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Science. 2011 Apr 1;332(6025):65-8. doi: 10.1126/science.1200439. Epub 2011 Feb 24.

Chronic mucocutaneous candidiasis in humans with inborn errors of interleukin-17 immunity.

Author information

1
Laboratory of Human Genetics of Infectious Diseases, Necker Branch, Institut National de la Santé et de la Recherche Médicale, U980, and University Paris Descartes, Necker Medical School, 75015 Paris, France. anne.puel@inserm.fr

Abstract

Chronic mucocutaneous candidiasis disease (CMCD) is characterized by recurrent or persistent infections of the skin, nails, and oral and genital mucosae caused by Candida albicans and, to a lesser extent, Staphylococcus aureus, in patients with no other infectious or autoimmune manifestations. We report two genetic etiologies of CMCD: autosomal recessive deficiency in the cytokine receptor, interleukin-17 receptor A (IL-17RA), and autosomal dominant deficiency of the cytokine interleukin-17F (IL-17F). IL-17RA deficiency is complete, abolishing cellular responses to IL-17A and IL-17F homo- and heterodimers. By contrast, IL-17F deficiency is partial, with mutant IL-17F-containing homo- and heterodimers displaying impaired, but not abolished, activity. These experiments of nature indicate that human IL-17A and IL-17F are essential for mucocutaneous immunity against C. albicans, but otherwise largely redundant.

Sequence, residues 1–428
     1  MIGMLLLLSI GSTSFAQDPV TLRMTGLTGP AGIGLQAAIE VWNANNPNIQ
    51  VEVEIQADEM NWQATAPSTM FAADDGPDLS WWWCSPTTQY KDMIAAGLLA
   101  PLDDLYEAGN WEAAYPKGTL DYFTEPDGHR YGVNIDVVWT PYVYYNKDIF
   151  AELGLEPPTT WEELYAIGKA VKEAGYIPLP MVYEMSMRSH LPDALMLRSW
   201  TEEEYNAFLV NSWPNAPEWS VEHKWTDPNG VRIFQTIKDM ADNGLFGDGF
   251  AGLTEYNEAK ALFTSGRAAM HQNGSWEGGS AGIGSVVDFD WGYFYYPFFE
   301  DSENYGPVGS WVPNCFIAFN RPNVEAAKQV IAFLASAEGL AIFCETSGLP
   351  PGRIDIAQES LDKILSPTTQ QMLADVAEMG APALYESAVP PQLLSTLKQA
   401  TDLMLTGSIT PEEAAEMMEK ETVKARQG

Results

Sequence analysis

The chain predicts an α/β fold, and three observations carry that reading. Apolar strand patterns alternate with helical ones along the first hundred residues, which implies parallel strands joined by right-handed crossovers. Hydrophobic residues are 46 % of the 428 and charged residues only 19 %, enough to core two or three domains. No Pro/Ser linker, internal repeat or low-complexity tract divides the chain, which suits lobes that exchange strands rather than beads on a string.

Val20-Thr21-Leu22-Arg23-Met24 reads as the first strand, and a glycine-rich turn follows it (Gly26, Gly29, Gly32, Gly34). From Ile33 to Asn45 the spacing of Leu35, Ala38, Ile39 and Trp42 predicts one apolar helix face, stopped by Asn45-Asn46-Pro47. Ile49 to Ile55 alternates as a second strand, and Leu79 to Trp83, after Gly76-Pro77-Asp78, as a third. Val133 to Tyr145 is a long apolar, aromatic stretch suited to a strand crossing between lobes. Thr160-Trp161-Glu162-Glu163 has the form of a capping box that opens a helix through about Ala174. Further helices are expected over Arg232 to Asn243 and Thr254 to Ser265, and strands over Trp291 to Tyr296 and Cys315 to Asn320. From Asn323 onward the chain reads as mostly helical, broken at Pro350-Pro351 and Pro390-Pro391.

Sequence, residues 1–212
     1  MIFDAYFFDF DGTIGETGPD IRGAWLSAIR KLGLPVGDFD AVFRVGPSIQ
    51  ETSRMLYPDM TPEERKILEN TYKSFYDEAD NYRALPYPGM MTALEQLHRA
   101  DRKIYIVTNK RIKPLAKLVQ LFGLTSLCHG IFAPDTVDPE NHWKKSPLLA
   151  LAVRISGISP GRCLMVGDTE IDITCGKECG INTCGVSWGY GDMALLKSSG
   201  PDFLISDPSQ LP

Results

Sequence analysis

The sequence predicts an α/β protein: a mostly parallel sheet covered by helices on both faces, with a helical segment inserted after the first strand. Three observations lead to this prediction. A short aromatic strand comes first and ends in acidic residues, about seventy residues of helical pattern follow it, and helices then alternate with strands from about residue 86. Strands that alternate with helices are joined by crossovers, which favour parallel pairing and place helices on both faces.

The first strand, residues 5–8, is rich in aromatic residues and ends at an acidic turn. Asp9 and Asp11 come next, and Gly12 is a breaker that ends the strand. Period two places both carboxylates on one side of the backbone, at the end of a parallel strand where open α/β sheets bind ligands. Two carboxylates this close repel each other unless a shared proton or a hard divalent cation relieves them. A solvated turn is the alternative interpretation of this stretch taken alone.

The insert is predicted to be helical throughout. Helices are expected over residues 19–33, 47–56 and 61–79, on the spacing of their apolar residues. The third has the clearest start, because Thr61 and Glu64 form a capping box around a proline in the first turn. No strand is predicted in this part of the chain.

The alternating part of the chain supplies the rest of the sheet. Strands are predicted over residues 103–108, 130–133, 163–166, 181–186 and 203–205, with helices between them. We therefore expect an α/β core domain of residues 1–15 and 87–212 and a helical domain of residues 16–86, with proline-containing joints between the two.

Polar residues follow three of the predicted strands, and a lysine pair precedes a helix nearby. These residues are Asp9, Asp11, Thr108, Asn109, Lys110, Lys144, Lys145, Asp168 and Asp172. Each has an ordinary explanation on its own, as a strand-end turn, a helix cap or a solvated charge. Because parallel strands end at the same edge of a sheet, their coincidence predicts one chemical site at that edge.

PMID:
21350122
PMCID:
PMC3070042
DOI:
10.1126/science.1200439
[Indexed for MEDLINE]
Free PMC Article

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